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February 27th, 2006:

Fortune Magazine: A Shell of itself

It should be the best of times for the energy giant. But a look at its reserves show Royal Dutch Shell may soon be running on empty.
By Nelson D. Schwartz, FORTUNE senior writer
February 27, 2006: 1:24 PM EST
(FORTUNE Magazine) – Judging by the $23 billion it earned last year, these should be the best of times for Shell, the Anglo-Dutch energy giant that ranks third among the top five Western oil companies. But Wall Street isn't celebrating. Instead, analysts are worried that buried beneath the record profit figures are worrying signs of a business in decline.
That's because Shell (Research) hasn't been able to find nearly as much oil and gas as it's now pumping out of the ground. In fact, it hasn't even come close — replacing only 60 percent to 70 percent of what it produced in 2005 and only 19 percent in 2004. Shell has had reserve problems for years — a controversy over improperly booked assets forced it to reduce estimated reserves by roughly 30 percent and led to the resignation of its CEO, Phil Watts, in 2004.
But what's troubling now is that Shell is falling way behind rivals like Exxon and BP despite spending billions more each year on exploring and drilling new wells. Last year Exxon replaced 112 percent of production, and BP came up with 95 percent.
“I have never seen anything like this,” says Fadel Gheit, a veteran energy analyst with Oppenheimer & Co. “Shell used to represent the gold standard in this industry, but lately they can't get their act together.”
To be sure, Shell still has huge assets — nearly 12 billion barrels. But in the oil and gas industry, reserve replacement is the best guide to whether a company will be able to maintain — or grow — production in the future. So not replacing what you pump, says longtime industry observer Matthew Simmons, “is like eating your seed corn. If you're not finding new oil, you're just liquidating what you've got.” Indeed, Shell's daily production figures have been weak lately, falling 6.7 percent in 2005, to 3.52 million barrels a day.
Privately, Shell execs say the company's decision to cut spending for exploration when oil prices bottomed out in the late 1990s is partly to blame for the anemic numbers now. Shell CEO Jeroen van der Veer insists that projects like those on Sakhalin Island off Siberia and in Nigeria and the Gulf of Mexico will enable the company to start catching up with peers in the years ahead. It won't be easy.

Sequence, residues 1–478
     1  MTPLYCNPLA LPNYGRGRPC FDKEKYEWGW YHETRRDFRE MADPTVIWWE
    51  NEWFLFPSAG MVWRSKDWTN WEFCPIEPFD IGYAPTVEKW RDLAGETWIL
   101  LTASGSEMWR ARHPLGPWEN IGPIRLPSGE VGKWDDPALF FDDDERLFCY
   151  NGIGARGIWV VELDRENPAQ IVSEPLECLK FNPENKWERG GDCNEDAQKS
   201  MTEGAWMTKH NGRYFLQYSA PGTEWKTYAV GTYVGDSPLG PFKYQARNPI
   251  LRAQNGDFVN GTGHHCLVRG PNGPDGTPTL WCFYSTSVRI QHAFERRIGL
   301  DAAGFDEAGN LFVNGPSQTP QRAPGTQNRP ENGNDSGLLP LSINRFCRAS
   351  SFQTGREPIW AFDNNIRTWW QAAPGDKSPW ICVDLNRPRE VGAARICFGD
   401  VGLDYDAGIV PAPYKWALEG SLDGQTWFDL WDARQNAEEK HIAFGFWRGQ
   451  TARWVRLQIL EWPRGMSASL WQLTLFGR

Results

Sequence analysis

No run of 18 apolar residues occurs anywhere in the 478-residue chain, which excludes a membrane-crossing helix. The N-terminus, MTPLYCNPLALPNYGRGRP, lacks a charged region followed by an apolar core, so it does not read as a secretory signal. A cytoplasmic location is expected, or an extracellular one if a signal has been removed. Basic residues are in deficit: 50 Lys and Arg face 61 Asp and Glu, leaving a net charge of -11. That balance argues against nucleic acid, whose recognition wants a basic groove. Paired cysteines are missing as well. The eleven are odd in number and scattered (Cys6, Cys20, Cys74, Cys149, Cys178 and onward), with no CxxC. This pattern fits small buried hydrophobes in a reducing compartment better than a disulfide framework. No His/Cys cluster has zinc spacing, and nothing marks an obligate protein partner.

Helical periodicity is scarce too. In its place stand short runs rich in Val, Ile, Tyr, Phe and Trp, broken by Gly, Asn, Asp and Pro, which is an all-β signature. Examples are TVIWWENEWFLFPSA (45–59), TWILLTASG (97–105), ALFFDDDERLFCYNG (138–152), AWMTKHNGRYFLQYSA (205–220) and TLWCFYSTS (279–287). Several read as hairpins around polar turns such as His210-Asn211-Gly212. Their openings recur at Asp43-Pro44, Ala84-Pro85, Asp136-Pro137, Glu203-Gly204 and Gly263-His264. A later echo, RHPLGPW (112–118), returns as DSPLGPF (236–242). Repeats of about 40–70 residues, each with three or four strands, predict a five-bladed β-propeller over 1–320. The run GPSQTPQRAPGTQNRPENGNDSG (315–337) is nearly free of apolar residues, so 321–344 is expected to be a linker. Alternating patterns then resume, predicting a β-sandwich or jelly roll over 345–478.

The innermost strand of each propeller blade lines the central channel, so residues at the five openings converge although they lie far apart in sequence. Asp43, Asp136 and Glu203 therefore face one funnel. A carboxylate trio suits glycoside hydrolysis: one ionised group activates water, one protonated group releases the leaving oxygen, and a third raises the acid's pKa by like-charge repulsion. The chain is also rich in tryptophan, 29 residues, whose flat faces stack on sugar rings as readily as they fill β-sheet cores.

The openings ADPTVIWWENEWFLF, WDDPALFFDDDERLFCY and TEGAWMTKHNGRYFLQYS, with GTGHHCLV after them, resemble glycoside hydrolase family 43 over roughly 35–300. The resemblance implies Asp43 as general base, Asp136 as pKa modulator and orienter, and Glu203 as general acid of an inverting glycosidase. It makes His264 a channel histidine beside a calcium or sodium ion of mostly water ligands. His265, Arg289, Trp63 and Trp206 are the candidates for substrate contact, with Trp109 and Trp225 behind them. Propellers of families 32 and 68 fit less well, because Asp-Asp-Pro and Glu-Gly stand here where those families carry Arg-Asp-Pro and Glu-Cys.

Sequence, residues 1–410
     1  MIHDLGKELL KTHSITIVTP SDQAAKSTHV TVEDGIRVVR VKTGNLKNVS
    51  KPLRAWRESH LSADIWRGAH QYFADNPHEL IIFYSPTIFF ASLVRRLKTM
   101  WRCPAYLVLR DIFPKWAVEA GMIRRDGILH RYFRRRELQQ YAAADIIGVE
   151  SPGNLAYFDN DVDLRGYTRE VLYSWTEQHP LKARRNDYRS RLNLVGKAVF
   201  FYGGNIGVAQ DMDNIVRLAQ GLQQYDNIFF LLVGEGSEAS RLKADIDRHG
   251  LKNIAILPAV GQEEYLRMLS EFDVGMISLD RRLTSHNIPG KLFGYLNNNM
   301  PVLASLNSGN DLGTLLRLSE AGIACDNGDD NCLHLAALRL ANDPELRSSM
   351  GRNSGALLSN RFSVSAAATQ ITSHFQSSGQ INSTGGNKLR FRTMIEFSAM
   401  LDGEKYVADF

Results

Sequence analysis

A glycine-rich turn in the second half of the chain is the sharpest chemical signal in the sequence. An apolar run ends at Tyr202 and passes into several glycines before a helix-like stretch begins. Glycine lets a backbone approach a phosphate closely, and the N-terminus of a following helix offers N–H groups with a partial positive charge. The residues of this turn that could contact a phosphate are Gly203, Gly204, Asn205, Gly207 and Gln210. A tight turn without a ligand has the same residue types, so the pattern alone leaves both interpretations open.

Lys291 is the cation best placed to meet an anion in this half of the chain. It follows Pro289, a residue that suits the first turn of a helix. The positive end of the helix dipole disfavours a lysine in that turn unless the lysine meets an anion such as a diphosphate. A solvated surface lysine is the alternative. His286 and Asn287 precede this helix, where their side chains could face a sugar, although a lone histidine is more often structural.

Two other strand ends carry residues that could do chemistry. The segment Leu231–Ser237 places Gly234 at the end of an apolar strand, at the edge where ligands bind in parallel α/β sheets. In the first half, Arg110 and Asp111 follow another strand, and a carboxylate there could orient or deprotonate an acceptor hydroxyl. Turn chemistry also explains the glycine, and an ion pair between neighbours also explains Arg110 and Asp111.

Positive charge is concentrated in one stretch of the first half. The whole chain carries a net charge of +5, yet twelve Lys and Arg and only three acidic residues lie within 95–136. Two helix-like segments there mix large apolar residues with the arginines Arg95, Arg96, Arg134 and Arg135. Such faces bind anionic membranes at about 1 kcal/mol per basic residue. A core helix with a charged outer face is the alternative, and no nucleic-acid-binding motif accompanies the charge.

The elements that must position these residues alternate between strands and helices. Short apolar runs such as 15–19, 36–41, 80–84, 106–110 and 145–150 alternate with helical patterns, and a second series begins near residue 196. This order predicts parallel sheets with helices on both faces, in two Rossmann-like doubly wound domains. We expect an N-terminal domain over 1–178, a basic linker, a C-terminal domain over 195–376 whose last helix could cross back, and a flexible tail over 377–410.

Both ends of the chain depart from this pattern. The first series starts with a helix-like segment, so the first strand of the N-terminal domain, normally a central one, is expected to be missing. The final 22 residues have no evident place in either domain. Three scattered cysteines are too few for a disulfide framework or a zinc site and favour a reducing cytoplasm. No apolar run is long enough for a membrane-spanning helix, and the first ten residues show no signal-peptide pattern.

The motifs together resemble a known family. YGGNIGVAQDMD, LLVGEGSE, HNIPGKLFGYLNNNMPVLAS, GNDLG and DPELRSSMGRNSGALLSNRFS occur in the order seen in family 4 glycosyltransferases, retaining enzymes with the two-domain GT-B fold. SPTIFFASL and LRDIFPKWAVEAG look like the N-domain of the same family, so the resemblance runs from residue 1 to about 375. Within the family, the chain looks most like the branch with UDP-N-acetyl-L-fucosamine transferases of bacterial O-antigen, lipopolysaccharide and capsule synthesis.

“If you're not adding to reserves, you have a problem,” says Sanford Bernstein analyst Oswald Clint. “Shell will have to run twice as hard just to stay in place.” read more

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Yahoo! News: Shell locked in bitter legal battle over pollution in Nigeria

LAGOS (AFP) – Anglo-Dutch giant Shell, which is locked in a bitter legal battle over environmental damage in Nigeria's oil-rich southern Delta, is appealing against a hefty 1.5-billion-dollar (1.2-billion-euro) fine for pollution.
On Friday, the federal high court in the southern city of Port Harcourt slapped the fine for environmental pollution on the company following a suit filed by the local Ijaw community.
“The court ruled that we should pay 1.5 billion dollars to communities in the Niger Delta (but we have) already lodged an appeal in a higher court,” a company spokesman said.
A group calling itself the “Ijaw Aborigines of Bayelsa State” had taken Shell to court because the company had ignored an order from the Nigerian senate in 2004 to pay the money to the impoverished local community.
Last year Shell made a net profit of 22.94 billion dollars (19.03 billion euros) for 2005, the highest full-year profit in British corporate history, on the back of record high oil prices.
The Anglo-Dutch giant said it had appealed “on, among other grounds, the strength of independent expert advice, which demonstrates that there is no evidence to support the claims of the group”.
Shell contends that the pollution of the waters and farmland in the Delta region is a result of sabotage and it is therefore not responsible for the damage.